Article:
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World: Apartment 21-A

2 minute read

In Stalingrad the Germans claimed that they had finally taken the whole of the Red October airplane factory—”except one hangar.” Marshal Timoshenko’s counterattacks made meager progress, but in the city Red troops fought not only street by street but room by room.

On one of Stalingrad’s best streets stood Apartment 21-A. It had had a corner sheered off by a German bomb, but Sub-Lieutenant Svetkov and a handful of grenadiers held the building for nine days. Barricades, trenches and machine guns were prepared to control the street intersection. At dawn twelve heavy German tanks, loaded with shocks troops, attacked. Hits from anti-tank guns set five afire. Seven rumbled on. Svetkov and his men had no more anti-tank ammunition, so they hurled grenades from the windows. Three more tanks were disabled. Four came on.

Suddenly one lanky Russian seized a tank-mine, hugged it to his chest and threw himself in front of an advancing tank. Three came on. At the apartment-house door they let out their shock troops, who fought their way to the staircase.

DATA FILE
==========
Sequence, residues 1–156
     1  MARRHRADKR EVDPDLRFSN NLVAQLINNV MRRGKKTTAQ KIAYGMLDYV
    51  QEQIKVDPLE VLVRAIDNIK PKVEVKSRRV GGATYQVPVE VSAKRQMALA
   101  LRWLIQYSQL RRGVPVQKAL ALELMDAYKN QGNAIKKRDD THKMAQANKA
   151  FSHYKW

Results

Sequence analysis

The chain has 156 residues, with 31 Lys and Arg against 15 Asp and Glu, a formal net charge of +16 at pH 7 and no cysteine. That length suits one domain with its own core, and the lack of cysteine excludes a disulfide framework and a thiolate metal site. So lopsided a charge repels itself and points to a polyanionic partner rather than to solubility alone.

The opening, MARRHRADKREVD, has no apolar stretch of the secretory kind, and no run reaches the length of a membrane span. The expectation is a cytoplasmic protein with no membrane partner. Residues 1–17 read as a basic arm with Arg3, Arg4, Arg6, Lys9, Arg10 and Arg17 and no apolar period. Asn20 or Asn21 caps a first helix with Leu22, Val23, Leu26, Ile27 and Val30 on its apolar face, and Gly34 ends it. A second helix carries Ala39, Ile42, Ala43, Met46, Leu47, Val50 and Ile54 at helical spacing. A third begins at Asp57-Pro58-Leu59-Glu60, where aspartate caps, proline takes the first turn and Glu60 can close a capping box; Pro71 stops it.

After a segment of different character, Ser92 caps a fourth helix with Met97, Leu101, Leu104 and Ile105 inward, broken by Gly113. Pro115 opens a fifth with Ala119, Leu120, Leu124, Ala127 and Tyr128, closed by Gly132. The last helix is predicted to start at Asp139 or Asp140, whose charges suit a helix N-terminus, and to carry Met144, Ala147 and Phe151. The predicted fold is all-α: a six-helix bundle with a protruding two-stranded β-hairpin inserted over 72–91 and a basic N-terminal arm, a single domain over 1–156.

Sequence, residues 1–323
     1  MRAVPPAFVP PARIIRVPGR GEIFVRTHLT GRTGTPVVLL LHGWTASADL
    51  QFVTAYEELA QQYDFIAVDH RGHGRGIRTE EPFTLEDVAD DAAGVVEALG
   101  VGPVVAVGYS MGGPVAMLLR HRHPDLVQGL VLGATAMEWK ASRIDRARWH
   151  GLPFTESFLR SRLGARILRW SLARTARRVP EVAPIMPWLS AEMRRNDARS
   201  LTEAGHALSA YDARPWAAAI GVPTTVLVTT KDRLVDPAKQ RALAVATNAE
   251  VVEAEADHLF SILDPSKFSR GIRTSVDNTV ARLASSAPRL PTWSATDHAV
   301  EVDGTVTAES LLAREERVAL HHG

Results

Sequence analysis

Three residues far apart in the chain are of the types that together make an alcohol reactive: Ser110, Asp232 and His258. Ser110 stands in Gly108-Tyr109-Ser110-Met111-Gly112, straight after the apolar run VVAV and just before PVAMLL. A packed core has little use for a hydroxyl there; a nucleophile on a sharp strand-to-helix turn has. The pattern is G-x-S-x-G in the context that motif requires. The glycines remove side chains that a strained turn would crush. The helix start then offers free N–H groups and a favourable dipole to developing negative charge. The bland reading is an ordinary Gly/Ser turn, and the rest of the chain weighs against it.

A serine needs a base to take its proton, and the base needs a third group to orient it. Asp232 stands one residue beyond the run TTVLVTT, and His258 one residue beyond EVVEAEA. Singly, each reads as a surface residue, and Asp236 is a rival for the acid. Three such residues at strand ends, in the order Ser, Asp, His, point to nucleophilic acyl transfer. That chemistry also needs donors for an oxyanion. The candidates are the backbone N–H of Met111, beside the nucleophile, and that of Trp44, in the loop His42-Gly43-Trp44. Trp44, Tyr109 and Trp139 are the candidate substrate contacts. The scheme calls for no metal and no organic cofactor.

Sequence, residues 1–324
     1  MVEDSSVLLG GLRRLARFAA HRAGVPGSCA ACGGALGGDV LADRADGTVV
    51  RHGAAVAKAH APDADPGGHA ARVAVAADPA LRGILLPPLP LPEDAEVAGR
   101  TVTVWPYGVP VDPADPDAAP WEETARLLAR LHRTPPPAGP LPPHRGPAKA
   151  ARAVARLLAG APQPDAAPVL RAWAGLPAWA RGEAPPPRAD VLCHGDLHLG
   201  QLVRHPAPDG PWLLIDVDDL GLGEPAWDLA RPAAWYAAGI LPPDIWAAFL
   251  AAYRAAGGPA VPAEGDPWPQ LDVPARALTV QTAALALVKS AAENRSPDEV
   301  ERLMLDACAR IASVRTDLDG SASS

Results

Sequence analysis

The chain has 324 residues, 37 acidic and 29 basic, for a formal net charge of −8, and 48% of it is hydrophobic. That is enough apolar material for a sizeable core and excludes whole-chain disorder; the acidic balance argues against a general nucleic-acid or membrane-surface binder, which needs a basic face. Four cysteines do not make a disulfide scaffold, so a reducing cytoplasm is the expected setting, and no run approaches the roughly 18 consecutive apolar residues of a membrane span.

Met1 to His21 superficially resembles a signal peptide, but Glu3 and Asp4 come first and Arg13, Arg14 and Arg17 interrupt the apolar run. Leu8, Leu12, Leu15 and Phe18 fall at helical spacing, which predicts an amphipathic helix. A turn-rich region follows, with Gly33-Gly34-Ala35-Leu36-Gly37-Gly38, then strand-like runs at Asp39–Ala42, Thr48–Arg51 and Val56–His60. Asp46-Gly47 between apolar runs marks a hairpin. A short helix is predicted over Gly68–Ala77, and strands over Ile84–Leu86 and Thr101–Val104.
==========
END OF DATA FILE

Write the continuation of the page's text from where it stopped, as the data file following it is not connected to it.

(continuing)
From a second-floor barricade five Russians with rifles faced 15 Germans. They held off the Germans until another band, clambering up a fire escape, attacked them from the rear. Then they retreated to the third floor, where they fought on. An excited, roaring Russian caught a German grenade before it exploded, tossed it back at the Nazis. Next morning, just as the Russians’ ammunition was giving out, a clamor of shouting came from the roof. Red comrades had crossed adjoining roof tops to the rescue. Charging down the stairs, they drove out the Germans, who left 52 dead officers and men.

Said Sub-Lieutenant Svetkov: “When I think of Germans I can’t control myself. I shake, my hands itch. I’ve got to shoot, or throw a grenade, or use a bayonet.”

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